According to the IMA spokesperson, in 2005, Sanjeev, a resident of Fazalpur village, Meerut, came to the IMA after clearing the Service Selection Board (SSB).

But on account of absenteeism, he was expelled from the academy on disciplinary grounds. The IMA spokesperson further said that in July 2008, the same cadet, under the fake identity of Deepak Yadav, again joined the IMA.

The authorities revealed that during the routine interview of the GCs, it came to light that Deepak was undergoing training on a fake identity.

The IMA authorities said the residential address given by Deepak in 2005 and 2008 was the same but the father’s name furnished in the documents was different. “After conducting our internal inquiry, we have handed over the cadet to the police,” said the IMA authorities, while refusing to divulge any other details about the cadet.

The arrest of the GC just a few days before the passing out parade of the IMA has lead to some scare. Though the IMA authorities termed the incident as “no security lapse” but the fact that someone was undergoing training in the IMA under a fake identity for the past four months, the issue assumes importance.

Also under the scanner will be the role of the Meerut police, who had conducted the police verification of the cadet.

Highly placed sources have revealed that now the matter is being investigated by several agencies including the Intelligence Bureau (IB). At the Panditwari police picket, Deepak Yadav accepted that his actual name is Sanjeev Kumar Yadav. He alleged that the IMA authorities had “unjustifiably” expelled him from the academy in 2005.

“After my expulsion, I decided to prove my mettle and adopted a fake identity in order to get back into the IMA”, he said.

He added that Deepak Yadav is his cousin studying in Pune. “I got Deepak’s class X, plus two and graduation certificates and appeared for the SSB. After clearing the SSB, I got into the IMA,” he confessed.

He further said that the father’s name mentioned by him in documents furnished in 2005 is Swarn Singh Yadav and he is a farmer. “The documents, which I furnished this year, mentions S.R. Yadav, an ex-serviceman, as my father. In reality, he is my uncle and is the father of my cousin Deepak Yadav,” he revealed.

Military Farms Scam
8-yr rigorous imprisonment for Lt Col
Vijay Mohan
Tribune News Service

Chandigarh, December 9
A general court martial (GCM) has sentenced a lieutenant-colonel serving with the Military Farms to eight-year rigorous imprisonment, besides cashiering him from service for the alleged acts of corruption, it is learnt.

The officer, Lt-Col R. Mittal was tried on six charges under provisions of Sections 52 and 63 of the Army Act for intent to defraud and acts prejudicial to good order and military discipline.

The GCM, presided over by Col Purshottam Singh, deputy commander of an infantry brigade, found the officer guilty on four of the six counts. The GCM, which began at Raiwala on May 16, concluded last week. The GCM’s verdict is subject to confirmation by the GOC-in-C, Central Command, Lucknow.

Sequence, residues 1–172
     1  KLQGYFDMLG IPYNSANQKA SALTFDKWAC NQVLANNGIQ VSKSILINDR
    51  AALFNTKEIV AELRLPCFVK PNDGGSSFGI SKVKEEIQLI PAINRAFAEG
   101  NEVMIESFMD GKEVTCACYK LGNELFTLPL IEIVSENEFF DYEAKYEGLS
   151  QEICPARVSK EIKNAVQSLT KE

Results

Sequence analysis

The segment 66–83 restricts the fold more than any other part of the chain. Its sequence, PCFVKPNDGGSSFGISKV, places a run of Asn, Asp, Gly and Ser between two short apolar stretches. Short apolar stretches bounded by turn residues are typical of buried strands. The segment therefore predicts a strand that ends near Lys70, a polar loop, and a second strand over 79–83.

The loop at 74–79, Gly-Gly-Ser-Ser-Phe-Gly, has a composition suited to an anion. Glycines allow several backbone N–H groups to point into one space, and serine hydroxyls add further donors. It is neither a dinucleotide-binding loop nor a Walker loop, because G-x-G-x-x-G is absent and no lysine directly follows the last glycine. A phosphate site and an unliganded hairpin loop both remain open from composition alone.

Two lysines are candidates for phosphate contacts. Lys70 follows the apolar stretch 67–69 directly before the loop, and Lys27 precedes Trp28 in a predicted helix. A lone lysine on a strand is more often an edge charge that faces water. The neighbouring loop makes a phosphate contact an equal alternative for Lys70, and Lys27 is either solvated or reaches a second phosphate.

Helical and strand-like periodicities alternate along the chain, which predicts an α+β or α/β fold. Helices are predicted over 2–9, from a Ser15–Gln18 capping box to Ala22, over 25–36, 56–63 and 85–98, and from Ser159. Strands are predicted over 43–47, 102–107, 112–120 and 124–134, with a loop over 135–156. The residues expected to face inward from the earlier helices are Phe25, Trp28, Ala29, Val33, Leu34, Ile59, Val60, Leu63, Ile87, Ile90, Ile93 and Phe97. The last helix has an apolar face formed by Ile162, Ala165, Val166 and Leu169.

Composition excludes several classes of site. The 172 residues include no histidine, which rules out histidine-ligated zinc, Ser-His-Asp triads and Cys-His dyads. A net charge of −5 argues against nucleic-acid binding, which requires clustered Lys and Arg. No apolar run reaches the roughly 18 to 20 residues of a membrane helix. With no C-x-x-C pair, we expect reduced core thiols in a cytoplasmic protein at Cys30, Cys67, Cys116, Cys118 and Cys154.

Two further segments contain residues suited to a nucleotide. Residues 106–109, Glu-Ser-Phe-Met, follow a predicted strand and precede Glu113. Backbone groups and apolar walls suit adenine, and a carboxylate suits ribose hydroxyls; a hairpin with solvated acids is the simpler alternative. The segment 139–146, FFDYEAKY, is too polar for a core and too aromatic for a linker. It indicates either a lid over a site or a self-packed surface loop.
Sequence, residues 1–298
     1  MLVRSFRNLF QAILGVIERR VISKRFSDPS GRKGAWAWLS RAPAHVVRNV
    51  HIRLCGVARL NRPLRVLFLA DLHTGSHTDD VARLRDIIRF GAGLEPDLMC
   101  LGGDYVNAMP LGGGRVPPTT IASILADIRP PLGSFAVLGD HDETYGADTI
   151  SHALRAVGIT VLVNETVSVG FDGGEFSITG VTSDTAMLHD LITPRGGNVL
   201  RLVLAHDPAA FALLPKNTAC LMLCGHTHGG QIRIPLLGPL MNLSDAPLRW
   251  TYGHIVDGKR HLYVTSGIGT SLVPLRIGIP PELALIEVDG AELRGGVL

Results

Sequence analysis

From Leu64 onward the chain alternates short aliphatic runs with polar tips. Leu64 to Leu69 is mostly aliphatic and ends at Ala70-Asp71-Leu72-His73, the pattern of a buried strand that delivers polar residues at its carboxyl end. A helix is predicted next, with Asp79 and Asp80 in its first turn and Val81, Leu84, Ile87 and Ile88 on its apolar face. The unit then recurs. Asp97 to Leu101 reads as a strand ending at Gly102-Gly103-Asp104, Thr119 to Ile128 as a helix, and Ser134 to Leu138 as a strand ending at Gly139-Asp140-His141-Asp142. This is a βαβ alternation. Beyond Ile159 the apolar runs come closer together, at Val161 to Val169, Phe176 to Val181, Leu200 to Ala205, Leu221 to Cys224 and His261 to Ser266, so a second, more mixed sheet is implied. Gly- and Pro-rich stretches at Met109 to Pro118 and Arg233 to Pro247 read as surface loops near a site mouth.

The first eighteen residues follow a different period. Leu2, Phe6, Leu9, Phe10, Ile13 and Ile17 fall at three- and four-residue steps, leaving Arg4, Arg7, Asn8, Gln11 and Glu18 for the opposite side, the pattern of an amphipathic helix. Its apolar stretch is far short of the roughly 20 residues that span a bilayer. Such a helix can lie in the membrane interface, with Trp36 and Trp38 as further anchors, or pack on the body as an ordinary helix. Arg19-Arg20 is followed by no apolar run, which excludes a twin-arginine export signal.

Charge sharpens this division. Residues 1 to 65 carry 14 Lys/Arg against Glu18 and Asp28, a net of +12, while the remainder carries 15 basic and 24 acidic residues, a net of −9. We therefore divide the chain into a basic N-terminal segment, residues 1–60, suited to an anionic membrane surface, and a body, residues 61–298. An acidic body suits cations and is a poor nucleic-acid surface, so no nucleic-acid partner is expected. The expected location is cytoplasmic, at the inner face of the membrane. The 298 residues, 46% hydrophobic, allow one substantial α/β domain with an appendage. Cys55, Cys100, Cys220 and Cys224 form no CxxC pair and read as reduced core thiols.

The officer had been accused of violating certain laid down policies and procedures, which allegedly resulted in “huge” loses to the government, sources said. It was also alleged that Rs 5.8 lakh were recovered from his residence at Dehradun during a raid conducted by the military intelligence.

The officer had pleaded not guilty to the charges levied against him and contended that similar practices and procedures were being followed in some other military farms.

Prosecution counsel Col P.N. Chaturvedi (retd) said the officer was held guilty by the GCM on the basis of documentary and other oral evidence produced in court during the course of the trial.

He added that the loss to the government, as estimated by the prosecution, was about Rs 2 crore. The Military Farm, Dehradun, where the alleged violations took place, was later closed down.

Sources said several other persons, including officers, are also involved in the case and action is being contemplated against them.

Delhi: Aerostat radar to detect ‘rogue’ aircrafts

New Delhi, December 9
Faced with intelligence inputs of a possible threat from the skies on the pattern of 9/11, the Indian Air Force has decided to install highly sophisticated radar in Delhi to detect ‘rogue’ low-flying aircraft.

The decision to install Aerostat’ radar in Delhi comes close on the heels of defence minister A.K Antony saying that the country needs to guard against aerial threats.

“We are planning to deploy a dedicated Aerostat radar here to secure the capital from threats from low-flying aircraft,” said IAF sources. These radars would be integrated with units of surface-to-air missiles (SAM) based in the capital.

After the recent terror strikes in Mumbai, intelligence agencies had warned about a WTC-type terror strikes at important locations across the country.

Antony had chaired a high-level meeting of the tri-services chiefs and his ministry officials to discuss means to counter any such aerial threat, after terrorists’ breached coastal security in Mumbai recently.